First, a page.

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Alverson v. Brown

United States District Court, W.D. Arkansas, Fort Smith Division

April 24, 2018




         This is a civil rights action filed by Plaintiff pursuant to 42 U.S.C. § 1983. Plaintiff proceeds pro se and in forma pauperis. The case is before the Court for preservice screening under the provisions of the Prison Litigation Reform Act (“PLRA”). Pursuant to 28 U.S.C. § 1915A, the Court has the obligation to screen any complaint in which a prisoner seeks redress from a governmental entity or officer or employee of a governmental entity.

         I. BACKGROUND

         Plaintiff filed his Complaint on April 5, 2018. (ECF No. 1). That same day, the Court granted Plaintiff's motion for leave to proceed in forma pauperis. (ECF No. 4).

         According to Plaintiff's Complaint, he is currently in jail in the Crawford County Justice Center, serving six (6) months on a misdemeanor charge. (ECF No. 1). With respect to each claim, the Plaintiff names each Defendant in his or her personal capacity only. On eight different dates, spanning from February 12, 2018 to March 23, 2018, the Plaintiff asserts that he was denied medical care. Initially, the Plaintiff states that he “notified them that I could barely urinate, that I had blood in my urine, and that I was in a lot of pain they sent me back to the Pod and said they would send for my medical records. No. treatment given.” (ECF No. 1, p. 4). The Plaintiff complained again of pain on February 13, 2018; he was put on doctor's call and was asked to sign a release for the receipt of his medical records.

         On February 19, 2018, the Plaintiff states he “was put on flomax. No. further treatment. Nothing done bout bleeding and pain.” (ECF No. 1, p. 8). The Plaintiff complained again of bleeding and pain on February 25, 2018 and no treatment was given. (ECF No. 1, p. 8). The Plaintiff states that he was examined again on March 17, 2018. The doctor increased his Flomax but no other treatment was given. (ECF No. 1, p. 9). Finally, the Plaintiff states that he again notified “medical” of his same complaints and asked, on two occasions, to file a grievance. (ECF No. 1, p. 9, 10). The Plaintiff was given no further treatment.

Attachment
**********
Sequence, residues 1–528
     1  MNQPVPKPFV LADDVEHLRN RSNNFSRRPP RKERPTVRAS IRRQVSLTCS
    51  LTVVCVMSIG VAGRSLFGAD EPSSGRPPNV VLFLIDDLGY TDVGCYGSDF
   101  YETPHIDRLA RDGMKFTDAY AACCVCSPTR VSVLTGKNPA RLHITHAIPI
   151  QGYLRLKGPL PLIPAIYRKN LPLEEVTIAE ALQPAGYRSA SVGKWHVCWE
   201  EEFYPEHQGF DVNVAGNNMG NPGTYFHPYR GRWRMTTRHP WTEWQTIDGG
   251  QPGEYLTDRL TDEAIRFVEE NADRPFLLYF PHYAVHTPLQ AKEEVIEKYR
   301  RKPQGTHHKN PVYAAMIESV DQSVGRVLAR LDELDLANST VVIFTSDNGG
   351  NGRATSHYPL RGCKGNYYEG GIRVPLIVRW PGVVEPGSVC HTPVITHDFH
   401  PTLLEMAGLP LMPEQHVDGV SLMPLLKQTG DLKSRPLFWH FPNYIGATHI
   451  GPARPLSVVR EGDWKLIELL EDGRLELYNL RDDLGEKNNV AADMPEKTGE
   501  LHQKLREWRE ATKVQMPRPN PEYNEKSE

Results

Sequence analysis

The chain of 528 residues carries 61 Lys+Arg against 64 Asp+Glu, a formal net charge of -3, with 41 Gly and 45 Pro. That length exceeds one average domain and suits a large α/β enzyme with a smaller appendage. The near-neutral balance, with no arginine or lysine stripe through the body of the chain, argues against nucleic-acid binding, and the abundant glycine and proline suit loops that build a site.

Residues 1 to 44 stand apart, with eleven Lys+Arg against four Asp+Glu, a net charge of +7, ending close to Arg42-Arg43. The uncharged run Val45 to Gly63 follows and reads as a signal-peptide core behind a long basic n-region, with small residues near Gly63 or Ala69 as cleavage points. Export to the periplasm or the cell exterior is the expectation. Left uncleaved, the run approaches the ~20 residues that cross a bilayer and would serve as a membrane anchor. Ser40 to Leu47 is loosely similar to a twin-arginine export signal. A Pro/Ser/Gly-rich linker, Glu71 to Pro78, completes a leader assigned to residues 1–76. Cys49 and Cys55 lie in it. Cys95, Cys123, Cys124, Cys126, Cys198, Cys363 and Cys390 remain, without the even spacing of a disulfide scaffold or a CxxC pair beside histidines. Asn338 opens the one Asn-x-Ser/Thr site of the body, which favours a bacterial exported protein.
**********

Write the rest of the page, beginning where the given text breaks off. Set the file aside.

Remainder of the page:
As previously stated, the Plaintiff is suing each Defendant in their personal capacities only. He is seeking compensatory and punitive damages.


         Under the PLRA, the Court is obligated to screen the case prior to service of process being issued. The Court must dismiss a complaint, or any portion of it, if it contains claims that: (1) are frivolous, malicious, or fail to state a claim upon which relief may be granted; or, (2) seeks monetary relief from a defendant who is immune from such relief. 28 U.S.C. § 1915A(b).

         A claim is frivolous if “it lacks an arguable basis either in law or fact.” Neitzke v. Williams, 490 U.S. 319, 325 (1989). A claim fails to state a claim upon which relief may be granted if it does not allege “enough facts to state a claim to relief that is plausible on its face.” Bell Atlantic Corp. v. Twombly, 550 U.S. 544, 570 (2007). “In evaluating whether a pro se plaintiff has asserted sufficient facts to state a claim, we hold ‘a pro se complaint, however inartfully pleaded ... to less stringent standards than formal pleadings drafted by lawyers.'” Jackson v. Nixon, 747 F.3d 537, 541 (8th Cir. 2014) (quoting Erickson v. Pardus, 551 U.S. 89, 94 (2007)). Even a pro se Plaintiff must allege specific facts sufficient to support a claim. Martin v. Sargent, 780 F.2d 1334, 1337 (8 Cir. 1985).


         Section 1983 provides a federal cause of action for the deprivation, under color of law, of a citizen's “rights, privileges, or immunities secured by the Constitution and laws” of the United States. In order to state a claim under 42 U.S.C. § 1983, plaintiff must allege that the defendant acted under color of state law and that he violated a right secured by the Constitution. West v. Atkins, 487 U.S. 42 (1988); Dunham v. Wadley, 195 F.3d 1007, 1009 (8th Cir. 1999). The deprivation must be intentional; mere negligence will not suffice to state a claim for deprivation of a constitutional right under § 1983. Daniels v. Williams, 474 U.S. 327 (1986); Davidson v. Cannon, 474 U.S. 344 (1986). To the extent Plaintiff attempts to assert a negligence claim, it is insufficient as a matter of law.

         The Eighth Amendment to the United States Constitution prohibits the imposition of cruel and unusual punishment. U.S. Const. amend. VIII. The Cruel and Unusual Punishment Clause of the Eighth Amendment forbids conditions that involve the “wanton and unnecessary infliction of pain, ” or are “grossly disproportionate to the severity of the crime.” Rhodes v. Chapman, 452 U.S. 337, 347 (1981).

         “[W]hen the State takes a person into its custody and holds him there against his will, the Constitution imposes upon it a corresponding duty to assume some responsibility for his safety and general well-being.” County of Sacramento v. Lewis, 523 U.S. 833, 851 (1998) (citation omitted). The Constitution does not mandate comfortable prisons, but neither does it permit inhumane ones. See Farmer v. Brennan, 511 U.S. 825, 832 (1994). In order to prevail on a claim for deprivation of medical care, an inmate ...

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